Indian Journal of Dermatology
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ORIGINAL ARTICLE
Year : 2008  |  Volume : 53  |  Issue : 3  |  Page : 129-131

Isolation of bacteria causing secondary bacterial infection in the lesions of cutaneous leishmaniasis


1 Medical School of Isfahan University of Medical Science, Isfahan, Iran
2 Skin Disease and Leishmaniasis Research Centre (SDLRC), Isfahan University of Medical Science, Isfahan, Iran

Correspondence Address:
Hengameh Ziaie
Medical School, Isfahan University of Medical Science, Isfahan
Iran
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Source of Support: None, Conflict of Interest: None


DOI: 10.4103/0019-5154.43217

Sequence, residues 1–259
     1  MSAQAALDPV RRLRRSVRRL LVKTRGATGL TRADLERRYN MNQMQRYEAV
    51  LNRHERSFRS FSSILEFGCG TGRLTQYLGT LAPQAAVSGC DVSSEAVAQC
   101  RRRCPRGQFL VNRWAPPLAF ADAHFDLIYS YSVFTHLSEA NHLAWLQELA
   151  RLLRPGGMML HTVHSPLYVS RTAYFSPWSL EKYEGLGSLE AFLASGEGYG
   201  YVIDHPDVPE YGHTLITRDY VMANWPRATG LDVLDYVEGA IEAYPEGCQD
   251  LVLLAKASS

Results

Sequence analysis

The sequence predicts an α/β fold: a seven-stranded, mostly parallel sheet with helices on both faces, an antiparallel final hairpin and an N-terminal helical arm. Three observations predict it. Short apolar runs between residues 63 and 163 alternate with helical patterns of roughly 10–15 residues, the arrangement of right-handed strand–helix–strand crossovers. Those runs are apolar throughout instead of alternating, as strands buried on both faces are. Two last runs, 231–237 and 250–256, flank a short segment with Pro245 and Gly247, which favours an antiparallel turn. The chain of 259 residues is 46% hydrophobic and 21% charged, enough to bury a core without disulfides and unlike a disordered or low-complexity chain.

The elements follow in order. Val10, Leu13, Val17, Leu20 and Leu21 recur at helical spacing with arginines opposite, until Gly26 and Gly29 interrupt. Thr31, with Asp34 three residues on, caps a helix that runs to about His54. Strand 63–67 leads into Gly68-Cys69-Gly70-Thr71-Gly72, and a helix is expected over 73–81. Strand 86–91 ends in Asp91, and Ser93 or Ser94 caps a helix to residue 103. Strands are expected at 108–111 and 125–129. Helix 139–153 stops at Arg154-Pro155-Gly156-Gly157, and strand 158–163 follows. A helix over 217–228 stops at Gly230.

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Background: Cutaneous Leishmaniasis (CL) is a parasitic disease characterized by single or multiple ulcerations. Secondary bacterial infection is one of the complications of the disease that can increase the tissue destruction and the resulting scar. Objective: To effectively determine the incidence of real secondary bacteria infection in cutaneous leishmaniasis, we designed the current study. Methods and Materials: This was a cross-sectional study performed in Skin Diseases and Leishmaniasis Research Centre, Isfahan, Iran. In this study, 854 patients with confirmed CL were enrolled. Samples were taken from all the patients. Sterile swaps were achieved for the ulcer exudates and scraping was used for nonulcerated lesions. All the samples were transferred to tryptic soy broth medium. After 24 h of incubation in 37C, they were transferred to eosin methylene blue agar (EBM) and blood agar. Laboratory tests were used to determine the species of bacteria. All of the collected data were analyzed by SPSS software and chi-square. Results: Among 854 patients with confirmed cutaneous leishmaniasis, 177 patients (20.7%) had positive cultures for secondary bacterial infection. Bacteria isolated from the lesions were as follows: Staphylococcus aureus - 123 cases (69.4%), coagulase negative Staphylococcus - 41 cases (23.1%), E. coil - 7 cases (3.9%), Proteus - 3 cases (1.7%) and Klebsiella - 3 cases (1.7%). Conclusions: The incidence of secondary bacterial infection in lesions of CL was 20.7%. The most common isolated pathogen was Staphylococcus aureus . The incidence of secondary bacterial infection was significantly more in the ulcerated lesions as compared with nonulcerated lesions ( P = 0.00001).


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